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WASHINGTON (Reuters) - Federal Reserve Vice Chair Janet Yellen plans to moderate one of the panels at the annual monetary policy conference in Jackson Hole, Wyoming, next month, a Fed spokeswoman said on Monday.
Fed-watchers had wondered what role, if any, Yellen might play at the prestigious central bankers' retreat, after it emerged in April that Fed chief Ben Bernanke would not attend.
Yellen is one of two front-runners viewed by financial markets as highly likely to succeed Bernanke when his term expires at the end of January. The other is former White House economics adviser Lawrence Summers.
Jackson Hole conference moderators have traditionally acted more as timekeepers for the panel they chair, and have generally not delivered prepared remarks.
Bernanke has made no public announcement about his plans, but has done nothing to halt speculation that he is ready to return to private life after over a decade of public service.
His years at the central bank encompassed the 2007-2009 global financial crisis and subsequent ultra-easy monetary policy undertaken by the Fed to support U.S. growth in the ensuing recession.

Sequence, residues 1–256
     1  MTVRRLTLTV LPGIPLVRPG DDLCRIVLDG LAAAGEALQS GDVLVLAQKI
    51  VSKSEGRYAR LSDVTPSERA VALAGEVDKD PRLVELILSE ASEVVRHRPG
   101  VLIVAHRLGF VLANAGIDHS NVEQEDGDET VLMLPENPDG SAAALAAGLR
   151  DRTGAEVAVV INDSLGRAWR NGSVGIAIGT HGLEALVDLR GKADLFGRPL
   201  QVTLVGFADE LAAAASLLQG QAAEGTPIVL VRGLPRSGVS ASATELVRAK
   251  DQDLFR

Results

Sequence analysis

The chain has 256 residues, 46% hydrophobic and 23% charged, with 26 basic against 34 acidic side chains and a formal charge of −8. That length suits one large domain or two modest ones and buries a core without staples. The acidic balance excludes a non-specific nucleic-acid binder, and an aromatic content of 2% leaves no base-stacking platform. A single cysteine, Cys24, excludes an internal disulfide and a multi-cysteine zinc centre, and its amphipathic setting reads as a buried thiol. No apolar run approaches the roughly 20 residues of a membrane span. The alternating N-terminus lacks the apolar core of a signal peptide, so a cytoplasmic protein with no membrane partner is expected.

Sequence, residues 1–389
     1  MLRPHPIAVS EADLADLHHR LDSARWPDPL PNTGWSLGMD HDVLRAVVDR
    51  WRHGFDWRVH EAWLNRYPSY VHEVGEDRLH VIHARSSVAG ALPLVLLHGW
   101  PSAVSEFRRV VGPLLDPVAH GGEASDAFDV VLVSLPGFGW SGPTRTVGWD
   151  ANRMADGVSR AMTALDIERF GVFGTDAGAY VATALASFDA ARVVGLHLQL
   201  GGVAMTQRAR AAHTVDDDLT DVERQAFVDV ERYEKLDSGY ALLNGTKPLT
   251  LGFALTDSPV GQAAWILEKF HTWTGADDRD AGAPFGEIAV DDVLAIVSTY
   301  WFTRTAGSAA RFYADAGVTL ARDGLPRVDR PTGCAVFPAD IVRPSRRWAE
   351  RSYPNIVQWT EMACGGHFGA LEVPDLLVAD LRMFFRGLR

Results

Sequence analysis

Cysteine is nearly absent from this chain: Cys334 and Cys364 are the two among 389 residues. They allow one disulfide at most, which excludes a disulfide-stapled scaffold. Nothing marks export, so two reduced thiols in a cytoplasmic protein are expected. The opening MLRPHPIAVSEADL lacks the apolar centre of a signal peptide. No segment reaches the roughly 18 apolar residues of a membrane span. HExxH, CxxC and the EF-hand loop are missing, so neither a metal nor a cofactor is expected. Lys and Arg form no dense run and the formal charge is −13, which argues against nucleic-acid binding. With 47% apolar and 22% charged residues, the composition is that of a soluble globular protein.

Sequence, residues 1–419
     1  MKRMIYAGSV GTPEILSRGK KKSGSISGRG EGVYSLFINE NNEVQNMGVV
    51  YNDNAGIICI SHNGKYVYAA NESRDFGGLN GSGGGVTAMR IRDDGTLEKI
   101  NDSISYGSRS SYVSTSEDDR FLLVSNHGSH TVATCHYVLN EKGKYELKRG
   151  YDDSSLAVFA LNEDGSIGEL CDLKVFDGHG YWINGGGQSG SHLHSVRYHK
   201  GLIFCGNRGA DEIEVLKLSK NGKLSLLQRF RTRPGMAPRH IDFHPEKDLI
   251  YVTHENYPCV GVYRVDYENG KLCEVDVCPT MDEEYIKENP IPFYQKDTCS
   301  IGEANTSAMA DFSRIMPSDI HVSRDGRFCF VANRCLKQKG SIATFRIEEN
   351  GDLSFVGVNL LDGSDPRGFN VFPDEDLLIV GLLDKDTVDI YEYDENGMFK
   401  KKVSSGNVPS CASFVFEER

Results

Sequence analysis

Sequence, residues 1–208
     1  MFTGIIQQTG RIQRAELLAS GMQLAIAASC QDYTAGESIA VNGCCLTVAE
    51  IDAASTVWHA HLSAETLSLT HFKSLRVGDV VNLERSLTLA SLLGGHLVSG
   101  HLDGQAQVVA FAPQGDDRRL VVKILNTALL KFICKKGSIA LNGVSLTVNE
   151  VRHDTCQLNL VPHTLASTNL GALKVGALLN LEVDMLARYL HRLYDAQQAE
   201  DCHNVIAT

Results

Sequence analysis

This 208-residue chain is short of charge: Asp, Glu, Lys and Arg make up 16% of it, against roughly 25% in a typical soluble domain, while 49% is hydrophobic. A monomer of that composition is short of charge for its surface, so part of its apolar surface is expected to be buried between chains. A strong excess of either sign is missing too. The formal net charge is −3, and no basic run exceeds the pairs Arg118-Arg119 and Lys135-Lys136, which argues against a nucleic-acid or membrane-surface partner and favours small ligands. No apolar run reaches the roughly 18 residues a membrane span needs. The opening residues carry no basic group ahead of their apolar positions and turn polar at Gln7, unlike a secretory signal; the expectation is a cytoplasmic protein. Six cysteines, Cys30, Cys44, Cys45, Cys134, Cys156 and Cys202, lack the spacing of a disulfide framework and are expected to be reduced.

President Barack Obama has added to the anticipation that Bernanke would depart in January, telling an interviewer last month the former Princeton economics professor had "already stayed a lot longer than he wanted or he was supposed to."
The Jackson Hole conference, hosted annually in late August by the Kansas City Fed in the remote splendor of Grand Teton National Park, Wyoming, has become a top event in the central banking calendar, drawing policymakers from around the world.
Bernanke, and former Fed chairman Alan Greenspan before him, had delivered the keynote speech at the conference.
In recent years, this speech has been used to signal upcoming shifts in policy, including at last year's gathering, when Bernanke laid the groundwork for a third round of massive bond buying that was announced by the Fed the following month. (Reporting by Alister Bull; editing by Jackie Frank)